Which Marathon Schedule to Follow

Posted: February 11, 2013 in Running, Running Decisions
Tags: , ,

There are so many different marathon, 5K, 10K, and half marathon training schedules you could follow and too little time to compare all of them! The best thing to do right now is be honest with yourself. How long do you think it will take you to get to have a run of 3 miles? 6 miles? 10 miles? The truth is, if you have already been running 10 miles regularly, you are just about half way through a marathon training program or in shape to run a half marathon without much training. If you can barely get a mile out before being tired, your training schedule should be much much longer for a marathon or at the beginning of a 5K training program.

There are several training programs for marathons that expect you to have been running for six months already. That means being able to run a 3-5 mile run without much trouble. While that is one of the most ideal situations you could be in, it’s not realistic to expect everybody to have that kind of patience. Pick a training schedule that fits you. Beginner, Novice, and Advanced are different levels too.

As said before and I can’t emphasize this enough, every training program has to be modified to fit Y O U! Nobody can train you better than you can solely because nobody else knows your body the way you do. You might think this is a false statement because you haven’t learned how to listen to your body and what it’s telling you. Don’t worry too much if you take a lot longer than the length of the original training schedule. Getting out there and doing your weekly runs is what matters. If you can’t meet the milage, repeat the week as necessary and push yourself. Don’t hurt yourself in the process of keeping up with a training schedule if it really is too much for you.

I find myself sounding like a broken record but it is entirely necessary when I say… Listen to your body!

Comments
  1. Mark says:

    You are right…listening to your body is a major key. So is learning to run relaxed. Stick with it! If you are looking for a customized plan for your marathon I would love to write one up for you but I can also recommend some folks that I think are fantastic.

    Hiring a coach takes away the guessing game of what to do each day and often coaches have years worth of experience and background to pull from and give you advice that is impartial (we runners aren’t always the best at judging our own performances).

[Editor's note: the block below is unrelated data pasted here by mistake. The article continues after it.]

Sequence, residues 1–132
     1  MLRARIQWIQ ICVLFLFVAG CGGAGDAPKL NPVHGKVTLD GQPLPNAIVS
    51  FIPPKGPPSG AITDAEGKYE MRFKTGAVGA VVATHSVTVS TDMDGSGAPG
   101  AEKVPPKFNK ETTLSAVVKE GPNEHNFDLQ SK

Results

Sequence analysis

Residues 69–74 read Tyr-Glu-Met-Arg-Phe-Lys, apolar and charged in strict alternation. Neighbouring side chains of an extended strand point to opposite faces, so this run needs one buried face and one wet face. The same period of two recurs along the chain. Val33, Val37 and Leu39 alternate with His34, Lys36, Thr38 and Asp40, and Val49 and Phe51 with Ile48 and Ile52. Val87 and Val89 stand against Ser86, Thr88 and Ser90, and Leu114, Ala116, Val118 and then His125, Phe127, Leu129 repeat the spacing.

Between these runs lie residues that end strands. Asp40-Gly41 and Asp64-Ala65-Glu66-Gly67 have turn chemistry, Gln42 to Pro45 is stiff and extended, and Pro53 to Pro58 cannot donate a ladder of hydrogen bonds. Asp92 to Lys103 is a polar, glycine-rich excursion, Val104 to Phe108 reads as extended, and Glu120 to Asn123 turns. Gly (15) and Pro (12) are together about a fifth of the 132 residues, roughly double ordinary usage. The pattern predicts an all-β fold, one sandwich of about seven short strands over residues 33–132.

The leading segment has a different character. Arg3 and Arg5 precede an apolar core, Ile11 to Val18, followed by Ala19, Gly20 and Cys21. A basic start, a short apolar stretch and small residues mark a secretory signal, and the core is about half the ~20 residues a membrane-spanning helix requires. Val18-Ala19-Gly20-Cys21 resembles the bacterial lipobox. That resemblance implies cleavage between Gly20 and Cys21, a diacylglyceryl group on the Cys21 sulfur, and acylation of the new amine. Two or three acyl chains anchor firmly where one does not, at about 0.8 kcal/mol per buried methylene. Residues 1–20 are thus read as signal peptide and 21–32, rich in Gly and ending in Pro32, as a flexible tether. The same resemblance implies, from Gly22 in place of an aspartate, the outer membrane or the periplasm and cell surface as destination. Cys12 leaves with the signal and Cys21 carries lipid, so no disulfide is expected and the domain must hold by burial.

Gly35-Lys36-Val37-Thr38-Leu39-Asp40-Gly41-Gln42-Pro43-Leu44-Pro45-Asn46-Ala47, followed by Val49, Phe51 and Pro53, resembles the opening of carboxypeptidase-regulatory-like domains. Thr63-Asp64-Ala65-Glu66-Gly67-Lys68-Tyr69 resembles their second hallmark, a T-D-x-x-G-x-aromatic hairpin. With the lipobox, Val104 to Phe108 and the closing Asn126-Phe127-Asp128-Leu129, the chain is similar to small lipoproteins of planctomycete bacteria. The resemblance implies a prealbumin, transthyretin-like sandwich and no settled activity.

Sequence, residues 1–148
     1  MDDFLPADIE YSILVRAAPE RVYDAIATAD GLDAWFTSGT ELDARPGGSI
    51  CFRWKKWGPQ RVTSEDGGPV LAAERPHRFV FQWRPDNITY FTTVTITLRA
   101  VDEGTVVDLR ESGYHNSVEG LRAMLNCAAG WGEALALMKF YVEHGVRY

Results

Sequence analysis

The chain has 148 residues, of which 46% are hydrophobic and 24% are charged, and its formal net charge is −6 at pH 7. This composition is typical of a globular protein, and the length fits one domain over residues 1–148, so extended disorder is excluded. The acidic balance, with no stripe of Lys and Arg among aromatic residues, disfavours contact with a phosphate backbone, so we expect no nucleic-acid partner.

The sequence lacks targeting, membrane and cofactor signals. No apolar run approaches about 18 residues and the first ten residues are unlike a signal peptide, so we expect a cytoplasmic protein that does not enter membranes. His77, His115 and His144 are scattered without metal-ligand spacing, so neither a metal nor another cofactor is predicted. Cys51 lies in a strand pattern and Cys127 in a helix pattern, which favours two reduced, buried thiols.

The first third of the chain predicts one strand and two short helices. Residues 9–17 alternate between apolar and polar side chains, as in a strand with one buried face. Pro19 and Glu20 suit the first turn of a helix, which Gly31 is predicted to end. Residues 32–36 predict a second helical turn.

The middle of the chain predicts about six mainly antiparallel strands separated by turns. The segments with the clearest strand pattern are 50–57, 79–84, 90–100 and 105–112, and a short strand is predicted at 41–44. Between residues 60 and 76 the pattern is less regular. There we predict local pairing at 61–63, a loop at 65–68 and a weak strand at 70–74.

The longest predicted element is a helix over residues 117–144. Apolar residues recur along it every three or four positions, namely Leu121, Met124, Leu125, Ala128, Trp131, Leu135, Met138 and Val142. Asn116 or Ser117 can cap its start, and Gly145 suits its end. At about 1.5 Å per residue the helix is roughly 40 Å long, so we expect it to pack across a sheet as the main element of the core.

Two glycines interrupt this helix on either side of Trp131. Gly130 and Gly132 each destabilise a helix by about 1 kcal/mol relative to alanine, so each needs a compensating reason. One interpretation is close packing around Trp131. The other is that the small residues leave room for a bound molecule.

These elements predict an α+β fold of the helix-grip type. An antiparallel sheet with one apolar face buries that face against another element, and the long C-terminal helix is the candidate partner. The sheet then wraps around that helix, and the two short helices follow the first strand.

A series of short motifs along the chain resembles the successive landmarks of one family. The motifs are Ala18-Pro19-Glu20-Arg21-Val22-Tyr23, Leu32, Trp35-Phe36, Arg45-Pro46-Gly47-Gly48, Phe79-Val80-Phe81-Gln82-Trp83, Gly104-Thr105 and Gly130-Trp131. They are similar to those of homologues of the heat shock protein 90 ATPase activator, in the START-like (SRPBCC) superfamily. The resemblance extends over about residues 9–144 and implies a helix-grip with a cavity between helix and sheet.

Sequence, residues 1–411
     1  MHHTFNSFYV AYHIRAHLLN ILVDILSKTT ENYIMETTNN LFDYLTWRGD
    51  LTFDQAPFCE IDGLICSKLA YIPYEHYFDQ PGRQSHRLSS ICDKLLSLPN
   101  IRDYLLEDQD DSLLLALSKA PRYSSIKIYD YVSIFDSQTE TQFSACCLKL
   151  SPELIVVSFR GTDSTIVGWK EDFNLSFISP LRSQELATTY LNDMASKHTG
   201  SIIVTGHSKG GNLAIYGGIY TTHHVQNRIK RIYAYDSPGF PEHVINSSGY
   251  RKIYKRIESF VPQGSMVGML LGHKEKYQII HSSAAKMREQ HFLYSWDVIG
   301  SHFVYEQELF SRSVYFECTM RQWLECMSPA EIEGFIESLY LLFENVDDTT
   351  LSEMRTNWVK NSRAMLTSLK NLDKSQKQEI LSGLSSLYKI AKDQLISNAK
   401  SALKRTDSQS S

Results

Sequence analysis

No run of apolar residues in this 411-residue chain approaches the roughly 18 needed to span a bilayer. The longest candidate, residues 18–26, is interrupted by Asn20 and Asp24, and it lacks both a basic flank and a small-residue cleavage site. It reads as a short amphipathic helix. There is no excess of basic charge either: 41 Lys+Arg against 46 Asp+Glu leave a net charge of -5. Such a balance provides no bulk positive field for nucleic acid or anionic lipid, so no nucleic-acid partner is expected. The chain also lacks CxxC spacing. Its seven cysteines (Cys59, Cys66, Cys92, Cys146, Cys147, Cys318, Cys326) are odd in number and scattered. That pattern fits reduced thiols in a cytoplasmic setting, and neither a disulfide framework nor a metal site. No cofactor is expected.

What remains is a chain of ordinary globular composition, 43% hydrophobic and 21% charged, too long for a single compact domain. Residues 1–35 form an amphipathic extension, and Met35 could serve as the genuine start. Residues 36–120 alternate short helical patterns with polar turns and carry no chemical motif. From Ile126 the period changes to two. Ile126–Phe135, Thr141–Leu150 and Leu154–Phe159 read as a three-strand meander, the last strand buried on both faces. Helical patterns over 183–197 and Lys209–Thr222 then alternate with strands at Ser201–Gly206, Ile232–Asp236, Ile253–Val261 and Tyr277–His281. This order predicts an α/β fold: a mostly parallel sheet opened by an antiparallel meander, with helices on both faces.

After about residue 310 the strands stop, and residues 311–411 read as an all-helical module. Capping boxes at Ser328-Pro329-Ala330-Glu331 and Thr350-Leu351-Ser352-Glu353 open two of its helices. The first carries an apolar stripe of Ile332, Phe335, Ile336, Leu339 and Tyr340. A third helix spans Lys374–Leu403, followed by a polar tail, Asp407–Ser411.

You’d pay a plumer, electrician, etc. to provide expertise service and I’d argue that running is at least as important. If you chose to continue on your own stay tough, you WILL get there.

    • I think the comparison of a plumber and coach is a great way to explain the importance of a coach! I’ll be looking at your website and getting a better idea of what you do and get back to you on that!

      • Coach Mark says:

        Mary Pat,
        I’ve decided to offer a free month’s worth of customized coaching this month to the first 15 people who respond to the offer on my blog. There are still spots open…

      • I left a note! Very awesome idea and something I hope more coaches will do to help individuals understand better the benefits of a coach and a customized running plan.

      • Coach Mark says:

        I have a post in draft mode on the benefits of a coach.
        When I finally began working with one last year it made a huge difference. Less injuries, lower body fat, the knowledge of someone smarter to rely on, less time sweating the details, enhanced feeling of commitment to the sport, more confidence in races…should I keep going?

      • You should definitely write a full post, it’s something I’d be interested in reading more about.

      • Coach Mark says:

        I will post it ASAP. I sent you an email.

Leave a Reply

Fill in your details below or click an icon to log in:

WordPress.com Logo

You are commenting using your WordPress.com account. Log Out /  Change )

Twitter picture

You are commenting using your Twitter account. Log Out /  Change )

Facebook photo

You are commenting using your Facebook account. Log Out /  Change )

Connecting to %s